Moosomin Chamber hears about Enbridge’s Line 3 replacement, coming soon

Up to 800 on a spread crew

Moosomin – With the next phase of construction on Enbridge’s Line 3 Replacement program expected to start this summer, the pipeline company is out in communities along the line, letting them know what to expect.

On April 18, several Enbridge representatives attended the Moosomin Chamber of Commerce meeting. There, Joanne Bradbury, community engagement strategist with Enbridge, gave a presentation about the coming pipeline to a highly interested audience.

She made clear that the contractors had not yet been announced, and it is up to the contractor to decide where to establish those field offices.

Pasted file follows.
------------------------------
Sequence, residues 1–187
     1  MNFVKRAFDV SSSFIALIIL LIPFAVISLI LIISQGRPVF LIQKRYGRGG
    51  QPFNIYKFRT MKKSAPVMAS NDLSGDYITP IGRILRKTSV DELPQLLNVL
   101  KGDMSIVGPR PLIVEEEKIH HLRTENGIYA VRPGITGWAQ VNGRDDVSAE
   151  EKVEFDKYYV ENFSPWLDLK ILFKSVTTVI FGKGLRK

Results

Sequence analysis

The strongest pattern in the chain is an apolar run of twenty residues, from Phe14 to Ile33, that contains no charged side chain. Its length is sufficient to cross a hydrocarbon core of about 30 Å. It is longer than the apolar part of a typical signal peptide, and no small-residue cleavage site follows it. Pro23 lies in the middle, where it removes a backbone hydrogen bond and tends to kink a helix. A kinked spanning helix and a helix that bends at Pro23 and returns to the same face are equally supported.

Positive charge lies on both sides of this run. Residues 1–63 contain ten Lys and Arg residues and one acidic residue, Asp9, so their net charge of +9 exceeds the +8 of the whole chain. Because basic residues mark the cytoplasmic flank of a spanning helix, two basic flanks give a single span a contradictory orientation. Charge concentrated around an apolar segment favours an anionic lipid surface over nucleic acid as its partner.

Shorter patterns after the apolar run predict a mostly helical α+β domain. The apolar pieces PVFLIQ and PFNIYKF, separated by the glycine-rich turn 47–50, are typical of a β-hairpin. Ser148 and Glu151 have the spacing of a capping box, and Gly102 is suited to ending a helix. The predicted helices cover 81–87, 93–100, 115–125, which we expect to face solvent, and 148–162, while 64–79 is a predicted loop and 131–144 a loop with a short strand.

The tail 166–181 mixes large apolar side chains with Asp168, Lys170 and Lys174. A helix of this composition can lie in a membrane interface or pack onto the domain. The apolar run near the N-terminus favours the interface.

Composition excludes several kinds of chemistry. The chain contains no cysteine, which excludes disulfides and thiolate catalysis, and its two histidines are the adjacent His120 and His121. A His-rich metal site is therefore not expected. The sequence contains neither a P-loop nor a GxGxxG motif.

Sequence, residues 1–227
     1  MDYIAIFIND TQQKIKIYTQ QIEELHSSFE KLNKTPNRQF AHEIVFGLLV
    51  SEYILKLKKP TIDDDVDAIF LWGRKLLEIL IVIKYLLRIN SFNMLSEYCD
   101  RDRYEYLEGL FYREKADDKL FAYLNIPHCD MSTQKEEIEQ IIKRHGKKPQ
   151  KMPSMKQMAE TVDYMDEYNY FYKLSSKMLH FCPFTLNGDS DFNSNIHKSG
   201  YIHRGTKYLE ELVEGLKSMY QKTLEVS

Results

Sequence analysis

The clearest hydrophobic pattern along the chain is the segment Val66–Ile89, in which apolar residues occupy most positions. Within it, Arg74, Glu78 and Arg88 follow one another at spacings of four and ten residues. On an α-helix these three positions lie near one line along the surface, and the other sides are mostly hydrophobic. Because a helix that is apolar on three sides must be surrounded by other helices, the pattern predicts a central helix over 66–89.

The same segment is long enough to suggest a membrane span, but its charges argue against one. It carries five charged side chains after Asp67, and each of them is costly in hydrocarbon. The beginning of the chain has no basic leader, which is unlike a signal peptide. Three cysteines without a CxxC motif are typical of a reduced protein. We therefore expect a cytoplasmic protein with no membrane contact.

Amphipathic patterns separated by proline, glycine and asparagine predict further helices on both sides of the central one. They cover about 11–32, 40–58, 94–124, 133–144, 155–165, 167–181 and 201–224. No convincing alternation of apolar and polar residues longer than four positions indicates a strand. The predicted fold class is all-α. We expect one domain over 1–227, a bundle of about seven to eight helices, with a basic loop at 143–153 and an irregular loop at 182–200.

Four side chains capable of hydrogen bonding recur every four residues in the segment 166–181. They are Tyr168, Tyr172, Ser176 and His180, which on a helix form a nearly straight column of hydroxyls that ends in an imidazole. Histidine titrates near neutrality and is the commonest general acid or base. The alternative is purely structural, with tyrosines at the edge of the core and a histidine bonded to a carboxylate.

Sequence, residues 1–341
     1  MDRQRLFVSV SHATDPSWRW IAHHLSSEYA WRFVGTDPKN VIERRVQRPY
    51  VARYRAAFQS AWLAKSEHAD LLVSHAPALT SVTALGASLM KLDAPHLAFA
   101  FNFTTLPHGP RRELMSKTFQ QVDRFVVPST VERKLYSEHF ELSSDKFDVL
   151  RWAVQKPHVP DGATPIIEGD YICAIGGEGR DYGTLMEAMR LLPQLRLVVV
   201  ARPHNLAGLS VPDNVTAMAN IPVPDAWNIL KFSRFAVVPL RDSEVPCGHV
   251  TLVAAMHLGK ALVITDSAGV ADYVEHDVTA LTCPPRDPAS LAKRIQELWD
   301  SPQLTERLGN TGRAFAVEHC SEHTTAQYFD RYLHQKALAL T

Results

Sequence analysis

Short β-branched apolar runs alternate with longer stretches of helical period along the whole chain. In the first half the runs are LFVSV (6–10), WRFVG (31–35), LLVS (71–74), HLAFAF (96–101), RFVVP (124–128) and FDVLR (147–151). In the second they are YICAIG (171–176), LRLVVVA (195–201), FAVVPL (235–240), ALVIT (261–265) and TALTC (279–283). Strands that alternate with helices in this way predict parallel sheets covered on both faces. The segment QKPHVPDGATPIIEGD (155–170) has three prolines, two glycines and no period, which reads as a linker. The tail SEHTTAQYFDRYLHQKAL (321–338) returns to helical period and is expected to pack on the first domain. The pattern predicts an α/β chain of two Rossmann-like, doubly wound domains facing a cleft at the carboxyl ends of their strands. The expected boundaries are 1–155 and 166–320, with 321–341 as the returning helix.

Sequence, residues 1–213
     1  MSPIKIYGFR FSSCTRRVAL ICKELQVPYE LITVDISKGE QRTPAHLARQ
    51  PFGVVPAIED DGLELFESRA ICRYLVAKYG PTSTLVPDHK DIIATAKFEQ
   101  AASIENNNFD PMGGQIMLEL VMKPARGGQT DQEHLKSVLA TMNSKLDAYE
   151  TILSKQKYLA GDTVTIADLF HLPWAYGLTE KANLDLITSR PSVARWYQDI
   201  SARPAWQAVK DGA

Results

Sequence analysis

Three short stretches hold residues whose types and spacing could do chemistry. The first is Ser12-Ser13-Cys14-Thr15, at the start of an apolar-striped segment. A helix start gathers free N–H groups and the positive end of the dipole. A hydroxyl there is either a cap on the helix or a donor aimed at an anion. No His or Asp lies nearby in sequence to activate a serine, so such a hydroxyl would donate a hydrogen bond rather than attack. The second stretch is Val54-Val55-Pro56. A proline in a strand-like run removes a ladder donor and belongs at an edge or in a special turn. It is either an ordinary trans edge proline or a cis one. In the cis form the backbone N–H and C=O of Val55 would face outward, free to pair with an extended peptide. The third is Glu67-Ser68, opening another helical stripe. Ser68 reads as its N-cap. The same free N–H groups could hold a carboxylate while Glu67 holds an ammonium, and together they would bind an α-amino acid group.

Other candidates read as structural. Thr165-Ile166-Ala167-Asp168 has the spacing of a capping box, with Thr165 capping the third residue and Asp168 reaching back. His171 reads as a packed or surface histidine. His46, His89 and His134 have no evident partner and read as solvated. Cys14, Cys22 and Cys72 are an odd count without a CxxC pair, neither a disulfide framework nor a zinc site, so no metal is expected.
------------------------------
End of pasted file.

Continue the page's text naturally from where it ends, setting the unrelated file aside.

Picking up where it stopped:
Historically, however, Moosomin has been the field office location for the Terrace B project in 1998 and Alberta Clipper in 2009.

The chamber meeting took place in the CanAlta hotel, one of three new hotels built in Moosomin since Alberta Clipper. And they’ll likely be needed, as the workforce in this area is expected to peak at about 800 people, and run into February, when it’s generally too cold to stay in a camper unless it’s winterized.

Bradbury noted Enbridge has been operating in Saskatchewan for 65 years.

Line 3 Replacement is anticipated starting this summer, in August.

In terms of scale, she called it, “Massive, massive.”

“It’s the biggest project we’ve undertaken in our history.”

As for the reasoning behind the project, she noted the original was built in 1968, to the highest standard at the time. However, the coating has resulted in a high number of “features” which have needed repair over the years, so in 2013, Enbridge made the decision to do a complete line replacement.